Allen & Unwin, Australia, 2020
This is historical fiction, but rather than an account of what we know from Cook’s journals, it is a- re-imagining of his voyage up the eastern coast of Australia, which has the Endeavour shipwrecked near what is now called Cooktown and a small party of survivors making it to shore.
What we know from our currently recorded history is that Cook and his crew spent 47 days in ‘Cooktown’ in 1770 after running aground on the Great Barrier Reef, the ship undergoing repairs and finally making port in Batavia in October of that year.
Craig Cormick and Harold Ludwig, co-authors of this book, propose a different possibility – that the ship went down and that two small parties of men Including Cook himself, who had been injured on board and rendered unconscious, made it to shore and eventually made contact with the local Aboriginal people. Told mainly in two voices, that of Magra, demoted from his position of Midshipman under suspicion of attacking another crew member, and that of the Guugu Yimidhirr youth Garrgiil. The authors thus cleverly direct our views to different perspectives on the same events, reflecting cultural knowledge versus the perceptions of the newcomer.
At the heart of this tale of the stranded is a view of colonial exploration with fresh eyes. The issue of communication with the ‘other’, the fear of the unknown, the stranger, is always key. More layers of this emerge in the voice of Magra, himself an outsider of sorts hailing from the Americas. There are questions of what knowledge is important, what systems break down in new and changed circumstances. The authors explore reversion to type, the adherence to, or collapse of, conventions of relationships, hierarchy and society.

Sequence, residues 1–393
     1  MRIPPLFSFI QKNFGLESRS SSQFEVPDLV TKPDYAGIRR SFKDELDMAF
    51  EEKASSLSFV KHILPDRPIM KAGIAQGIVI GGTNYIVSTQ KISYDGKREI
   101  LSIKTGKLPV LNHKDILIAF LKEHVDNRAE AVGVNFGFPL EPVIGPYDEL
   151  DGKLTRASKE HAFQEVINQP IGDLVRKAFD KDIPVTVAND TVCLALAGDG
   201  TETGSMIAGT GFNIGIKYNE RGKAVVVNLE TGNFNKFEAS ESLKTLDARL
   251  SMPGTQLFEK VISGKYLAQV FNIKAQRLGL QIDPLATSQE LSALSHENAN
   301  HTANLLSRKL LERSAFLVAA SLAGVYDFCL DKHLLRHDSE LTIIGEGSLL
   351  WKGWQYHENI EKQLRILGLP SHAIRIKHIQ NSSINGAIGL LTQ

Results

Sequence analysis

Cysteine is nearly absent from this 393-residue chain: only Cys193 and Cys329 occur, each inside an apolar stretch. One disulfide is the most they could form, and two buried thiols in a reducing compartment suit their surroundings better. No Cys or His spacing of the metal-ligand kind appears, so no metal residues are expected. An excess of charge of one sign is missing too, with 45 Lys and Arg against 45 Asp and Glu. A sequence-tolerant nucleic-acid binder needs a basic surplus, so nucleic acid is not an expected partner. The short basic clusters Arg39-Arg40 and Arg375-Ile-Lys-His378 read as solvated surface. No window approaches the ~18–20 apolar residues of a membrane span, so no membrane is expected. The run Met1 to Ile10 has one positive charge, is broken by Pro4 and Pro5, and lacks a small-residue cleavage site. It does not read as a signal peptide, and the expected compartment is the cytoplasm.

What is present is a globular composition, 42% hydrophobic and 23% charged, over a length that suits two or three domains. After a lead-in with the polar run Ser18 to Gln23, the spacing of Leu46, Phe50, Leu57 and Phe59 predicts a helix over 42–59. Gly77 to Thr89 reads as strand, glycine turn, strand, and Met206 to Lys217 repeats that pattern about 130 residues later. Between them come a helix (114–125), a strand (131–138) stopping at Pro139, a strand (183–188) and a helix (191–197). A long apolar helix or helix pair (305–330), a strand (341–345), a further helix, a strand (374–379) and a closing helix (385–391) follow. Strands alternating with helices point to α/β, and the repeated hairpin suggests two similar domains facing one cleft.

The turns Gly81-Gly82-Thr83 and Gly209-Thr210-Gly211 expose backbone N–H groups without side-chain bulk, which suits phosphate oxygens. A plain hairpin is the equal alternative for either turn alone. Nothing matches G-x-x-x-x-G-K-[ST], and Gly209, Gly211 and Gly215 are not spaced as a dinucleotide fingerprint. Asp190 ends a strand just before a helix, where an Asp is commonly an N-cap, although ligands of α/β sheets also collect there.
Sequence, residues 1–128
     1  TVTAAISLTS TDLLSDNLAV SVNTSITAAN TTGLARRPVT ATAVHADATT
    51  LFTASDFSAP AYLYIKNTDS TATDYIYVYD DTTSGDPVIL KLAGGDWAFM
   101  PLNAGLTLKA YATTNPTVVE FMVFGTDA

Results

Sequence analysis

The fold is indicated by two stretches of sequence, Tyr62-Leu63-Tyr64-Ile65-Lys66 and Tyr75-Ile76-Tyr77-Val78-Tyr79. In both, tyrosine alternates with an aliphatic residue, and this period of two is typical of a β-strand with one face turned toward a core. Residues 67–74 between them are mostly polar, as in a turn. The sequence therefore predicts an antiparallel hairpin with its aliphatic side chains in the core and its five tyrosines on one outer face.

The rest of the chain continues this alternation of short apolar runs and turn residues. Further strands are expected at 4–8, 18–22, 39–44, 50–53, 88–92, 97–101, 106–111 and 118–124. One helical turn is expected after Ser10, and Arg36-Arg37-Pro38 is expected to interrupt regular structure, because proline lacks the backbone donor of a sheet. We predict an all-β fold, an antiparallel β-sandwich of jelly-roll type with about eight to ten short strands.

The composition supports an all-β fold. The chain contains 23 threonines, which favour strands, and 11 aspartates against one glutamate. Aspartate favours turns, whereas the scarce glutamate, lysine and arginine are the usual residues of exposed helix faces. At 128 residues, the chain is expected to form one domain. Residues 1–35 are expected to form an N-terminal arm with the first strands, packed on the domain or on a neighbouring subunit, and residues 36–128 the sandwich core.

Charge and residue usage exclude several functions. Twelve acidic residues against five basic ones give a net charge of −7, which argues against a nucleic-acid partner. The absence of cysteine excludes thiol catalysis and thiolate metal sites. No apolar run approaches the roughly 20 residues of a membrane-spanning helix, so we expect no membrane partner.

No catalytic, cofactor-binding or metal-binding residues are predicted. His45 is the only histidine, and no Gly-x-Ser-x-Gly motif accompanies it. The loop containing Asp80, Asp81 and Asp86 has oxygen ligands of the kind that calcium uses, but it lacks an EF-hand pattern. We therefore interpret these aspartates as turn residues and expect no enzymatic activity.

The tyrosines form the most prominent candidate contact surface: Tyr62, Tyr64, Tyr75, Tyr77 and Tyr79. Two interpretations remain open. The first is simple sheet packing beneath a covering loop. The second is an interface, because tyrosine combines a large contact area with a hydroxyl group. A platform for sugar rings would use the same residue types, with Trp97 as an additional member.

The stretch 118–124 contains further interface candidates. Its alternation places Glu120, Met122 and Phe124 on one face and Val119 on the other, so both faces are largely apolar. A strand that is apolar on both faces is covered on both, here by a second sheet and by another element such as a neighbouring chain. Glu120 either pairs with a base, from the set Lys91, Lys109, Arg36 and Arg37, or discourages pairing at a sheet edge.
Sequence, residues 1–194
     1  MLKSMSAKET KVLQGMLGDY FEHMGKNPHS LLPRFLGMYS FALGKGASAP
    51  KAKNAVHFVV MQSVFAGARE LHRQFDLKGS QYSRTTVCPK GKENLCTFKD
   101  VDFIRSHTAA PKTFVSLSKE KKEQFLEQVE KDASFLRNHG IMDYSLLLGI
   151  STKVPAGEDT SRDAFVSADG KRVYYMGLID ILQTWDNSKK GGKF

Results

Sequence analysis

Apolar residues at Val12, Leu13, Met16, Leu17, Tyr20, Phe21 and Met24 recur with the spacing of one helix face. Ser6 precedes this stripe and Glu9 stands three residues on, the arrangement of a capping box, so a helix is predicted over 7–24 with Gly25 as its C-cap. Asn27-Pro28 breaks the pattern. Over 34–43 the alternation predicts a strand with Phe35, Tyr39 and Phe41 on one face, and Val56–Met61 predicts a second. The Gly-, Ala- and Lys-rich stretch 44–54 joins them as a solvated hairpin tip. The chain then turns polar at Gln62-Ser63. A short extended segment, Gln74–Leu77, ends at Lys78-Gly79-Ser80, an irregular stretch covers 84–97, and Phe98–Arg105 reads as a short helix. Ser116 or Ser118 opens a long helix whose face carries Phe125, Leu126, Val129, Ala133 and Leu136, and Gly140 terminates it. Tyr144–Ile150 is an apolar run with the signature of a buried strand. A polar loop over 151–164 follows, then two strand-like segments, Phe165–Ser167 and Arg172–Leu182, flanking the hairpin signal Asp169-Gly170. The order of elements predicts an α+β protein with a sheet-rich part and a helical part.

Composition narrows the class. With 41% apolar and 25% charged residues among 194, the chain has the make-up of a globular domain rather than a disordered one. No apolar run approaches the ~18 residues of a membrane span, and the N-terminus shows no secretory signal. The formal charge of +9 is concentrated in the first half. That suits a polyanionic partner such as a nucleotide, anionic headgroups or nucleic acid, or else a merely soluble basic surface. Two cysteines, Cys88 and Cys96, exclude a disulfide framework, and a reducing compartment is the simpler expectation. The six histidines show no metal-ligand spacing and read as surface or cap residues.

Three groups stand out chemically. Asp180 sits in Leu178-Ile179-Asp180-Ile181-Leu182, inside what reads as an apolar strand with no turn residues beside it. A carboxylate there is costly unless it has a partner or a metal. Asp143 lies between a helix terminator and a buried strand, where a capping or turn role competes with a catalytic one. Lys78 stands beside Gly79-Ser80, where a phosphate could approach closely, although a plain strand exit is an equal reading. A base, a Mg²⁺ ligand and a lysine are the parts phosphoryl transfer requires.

A third voice adds to this drama, that of Gandhaarr, the crocodile, at once a voice of fear and of conscience, a constant internal in Magra’s head, an ancient creature with the real power to destroy and to evoke terror – this in a land so strange to the white seamen that almost everything is a source of fear and suspicion, and indeed a fertile ground for cultural transgression.
The novel provides an interesting examination of the ‘great’ names of Cook’s voyages – Cook himself is in a coma for much of the story, but held in high esteem nevertheless by certain crew members and recognised as significant by the Bama; Banks with his personal foibles and the Swedish naturalist Solander, a disciple of Linnaeus, whose botanical knowledge is especially prized in this version of the story, Parkinson whose drawings of the Indigenous people, of landscapes and plants survive in the British Museum.
Above all the book invites us to see the arrival of Cook and his party through Indigenous eyes and to learn with Magra the way to traverse cultural difference, to embrace an alternative way. The profuse use of the language of the Guugu Yimidhirr people in Harold Ludwick’s chapters helps us to see how certain plants, animals and concepts are seen by the people who know them best. Language always provides entrée into the way of thinking of its users, and this is certainly so in this work.
Craig Cormick can be relied upon as an author to awaken our perceptions and in this collaboration with Harold Ludwick, we are treated as readers to not just a fine tale, but to an education in history, culture and country. The writing is fluent and rich but at the same time accessible, the story engrossing and thought-provoking. On a Barbarous Coast is a welcome addition to our understanding of our history and an invitation to rethink what we have been taught for the merest time of 200 years.
Many thanks to Allen & Unwin for giving me a review copy of On a Barbarous Coast.